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Around Ireland

First Draft

When the weather is fine, this is a delightful and beautiful cruising area, slightly less dramatically craggy than W Scotland on the W coast (7/10 and 8/10) and rather flat on the east coast (3/10). The deeply indented west coastline has many harbours and anchorages with only short distances between them, suitable for day sailing. Dolphins are common, and like Scotland, the quieter anchorages are rich with sea birds, seals and shellfish. However, a challenge is that all significant west coast passages are exposed to the Atlantic, its swell and weather.

Weather and Sea State. Weather is dominated by the passage of Atlantic depressions. Big Atlantic swells are common and the coast's exposure means that crews and boats should be capable of dealing with rough conditions.  This is not a cruising area for the seasick prone. The cruising season runs from around mid-May to mid-September, when depressions are less frequent. The frequency of strong winds is similar to Scotland or the Channel, but the amount of rain and cloud diminishes as you travel south. Dull weather (they call it 'soft') is normal. Gives you a strong incentive to rush to the bar. Pray for one of those intervals of fine weather, which can last for a week or so if you're lucky.

Tides and Pilotage. Tidal ranges are generally between 3.5 and 4.5 metres, with a 'no tide' zone on the east cost, south of Dublin. Tidal streams reach up to 4kts at springs off the major headlands and must be taken into consideration when planning passages, especially between Ireland and Scotland. Pilotage skills are needed to enjoy some anchorages, but much of the coastline is easy for a competent navigator.

Harbours and Anchorages. The coast divides naturally into three areas with different characters: SW, NW and the East. Many harbours of the Irish Republic have convenient visitor's moorings, often borrowed by the locals. The Republic is also noticeably more expensive than UK (The NE corner of the island), perhaps encouraged by groups of Americans peering into their history - and other tourists. Catering for these visitors requires a large number of bars of course . . . full harbour details at http://www.inyourfootsteps.com/sailing/harbours/europe/ireland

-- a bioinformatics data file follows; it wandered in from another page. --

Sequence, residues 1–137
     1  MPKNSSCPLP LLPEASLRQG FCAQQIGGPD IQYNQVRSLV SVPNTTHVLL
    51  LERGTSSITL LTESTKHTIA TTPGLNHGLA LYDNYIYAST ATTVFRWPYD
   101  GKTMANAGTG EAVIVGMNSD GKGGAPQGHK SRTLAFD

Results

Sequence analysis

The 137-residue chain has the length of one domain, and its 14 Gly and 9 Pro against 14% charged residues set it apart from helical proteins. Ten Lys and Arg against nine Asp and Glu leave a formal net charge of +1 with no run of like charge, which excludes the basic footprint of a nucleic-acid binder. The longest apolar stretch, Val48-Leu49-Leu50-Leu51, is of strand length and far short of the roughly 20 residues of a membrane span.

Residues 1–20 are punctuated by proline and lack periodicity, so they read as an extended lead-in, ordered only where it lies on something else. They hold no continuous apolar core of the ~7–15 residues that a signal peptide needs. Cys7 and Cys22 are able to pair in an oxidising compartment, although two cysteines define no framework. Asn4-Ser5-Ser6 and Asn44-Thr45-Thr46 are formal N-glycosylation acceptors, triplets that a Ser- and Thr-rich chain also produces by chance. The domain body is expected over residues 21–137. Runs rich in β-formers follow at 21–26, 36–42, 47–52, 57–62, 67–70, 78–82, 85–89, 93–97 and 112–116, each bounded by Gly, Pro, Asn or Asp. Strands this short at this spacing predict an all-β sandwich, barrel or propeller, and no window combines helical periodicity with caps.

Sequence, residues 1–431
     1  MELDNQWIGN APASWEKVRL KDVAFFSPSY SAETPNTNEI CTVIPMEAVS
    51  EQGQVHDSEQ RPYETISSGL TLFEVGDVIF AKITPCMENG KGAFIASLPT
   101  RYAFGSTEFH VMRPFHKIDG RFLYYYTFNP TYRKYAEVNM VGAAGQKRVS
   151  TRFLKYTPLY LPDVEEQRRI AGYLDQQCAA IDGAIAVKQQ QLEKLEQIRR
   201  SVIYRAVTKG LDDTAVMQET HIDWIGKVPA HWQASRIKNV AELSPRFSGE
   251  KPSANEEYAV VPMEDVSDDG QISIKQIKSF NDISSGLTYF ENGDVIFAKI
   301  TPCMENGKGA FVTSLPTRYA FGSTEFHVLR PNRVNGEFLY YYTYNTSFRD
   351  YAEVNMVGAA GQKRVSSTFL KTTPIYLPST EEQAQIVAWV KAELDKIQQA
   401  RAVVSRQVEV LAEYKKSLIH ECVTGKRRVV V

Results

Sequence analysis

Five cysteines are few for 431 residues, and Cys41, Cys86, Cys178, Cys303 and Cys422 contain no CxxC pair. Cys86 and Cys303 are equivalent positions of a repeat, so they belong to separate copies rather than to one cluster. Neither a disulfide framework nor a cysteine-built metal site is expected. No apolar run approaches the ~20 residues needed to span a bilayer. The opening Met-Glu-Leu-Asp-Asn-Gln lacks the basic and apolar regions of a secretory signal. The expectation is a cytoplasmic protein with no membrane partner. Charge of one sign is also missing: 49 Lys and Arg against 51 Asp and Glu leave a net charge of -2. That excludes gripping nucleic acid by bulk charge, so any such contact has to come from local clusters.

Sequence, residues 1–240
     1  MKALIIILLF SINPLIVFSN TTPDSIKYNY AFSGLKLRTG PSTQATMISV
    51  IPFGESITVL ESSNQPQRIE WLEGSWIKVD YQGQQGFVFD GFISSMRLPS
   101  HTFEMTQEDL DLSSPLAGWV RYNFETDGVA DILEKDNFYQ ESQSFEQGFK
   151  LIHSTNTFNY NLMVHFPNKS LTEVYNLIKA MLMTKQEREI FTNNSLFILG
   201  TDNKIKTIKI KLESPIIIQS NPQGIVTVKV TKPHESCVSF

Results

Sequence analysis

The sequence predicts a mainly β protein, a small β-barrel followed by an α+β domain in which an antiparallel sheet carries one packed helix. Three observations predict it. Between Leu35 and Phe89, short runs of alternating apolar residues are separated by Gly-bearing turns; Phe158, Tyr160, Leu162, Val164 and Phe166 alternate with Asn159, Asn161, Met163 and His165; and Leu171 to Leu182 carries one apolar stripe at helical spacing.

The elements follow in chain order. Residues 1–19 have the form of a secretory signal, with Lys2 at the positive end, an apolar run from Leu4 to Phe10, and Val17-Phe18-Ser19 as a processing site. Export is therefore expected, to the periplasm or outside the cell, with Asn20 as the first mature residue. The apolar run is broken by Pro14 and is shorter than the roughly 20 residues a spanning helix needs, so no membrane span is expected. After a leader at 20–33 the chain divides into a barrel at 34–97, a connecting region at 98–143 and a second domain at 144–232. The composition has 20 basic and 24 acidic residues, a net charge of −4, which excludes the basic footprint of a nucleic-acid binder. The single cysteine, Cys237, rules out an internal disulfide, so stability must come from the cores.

Threats. Apart from the occasional super-tanker in Bantry bay, there is very little commercial traffic. A past hazard was salmon nets, deployed in great chicanes up to a couple of miles long, especially just south of the Shannon. From the end of 2006 these were forbidden

Unique Attractions. Bars, and the 'craic' that goes with them. Friendly natives. Light yacht traffic to the west.

Snags. Too much of that black foamy stuff they serve in the pubs . . .

Cruising Areas

The coasts are described clockwise from Cork. On balance, the winds slightly favour this way to circle the island, but it does mean you start with the most sociable area first.

South West Ireland

Easily the most pleasant area for cruising is the SW (from Cork to Kilrush -  8/10). In this friendly and sociable cruising area, only moderately populated, it's easy to seek out 'the craic' - you're made welcome everywhere you go. Many bars are rich with (even richer) anecdotes and often live music. Cork and Kinsale provide good yacht facilities, several marinas and some wonderful old 'Royal' yacht Clubs.  Moderate yacht traffic diminishes (as does population density) as you move W around the deeply indented SW corner. Here there are many quiet anchorages, some requiring good pilotage skills. Bantry bay houses a raft or two of supertankers from time to time, but don't avoid it or you'll miss Glengarrif, a truly beautiful spot, and there's a useful marina at Lawrance Cove. A two week cruise will skim the high spots; three weeks will allow a more thorough exploration. (Separate page to be added)

North West and North Ireland

In the NW and N (from Shannon to Rathlin Island -  7/10) the population is much thinner, with many fewer yachts, more wild life and more remote anchorages. These are wonderful cruising grounds for those who like peace and quiet - and can survive a while on ship's rations. Occasional fish farms dot the area. A one week cruise along the coast is just enough to appreciate it, though two weeks may be better. (Separate Page to be added)

East Ireland

The eastern coastline  is rather flat - (3/10) with safe sailing areas around Belfast and Dublin. Perhaps with the exception of Strangford and Carlingford Loughs, they have less appeal to the cruising yachtsman. This is passage making territory, rather than a cruising ground, but it is difficult to resist a 2 or 3 day pause near Dublin, a noisily sociable city which attracts a lot of visitors - and internationally branded shops to cater for them. (Separate page to be added)

Cruise Region: 
Country's Boating Regulations and Data: 

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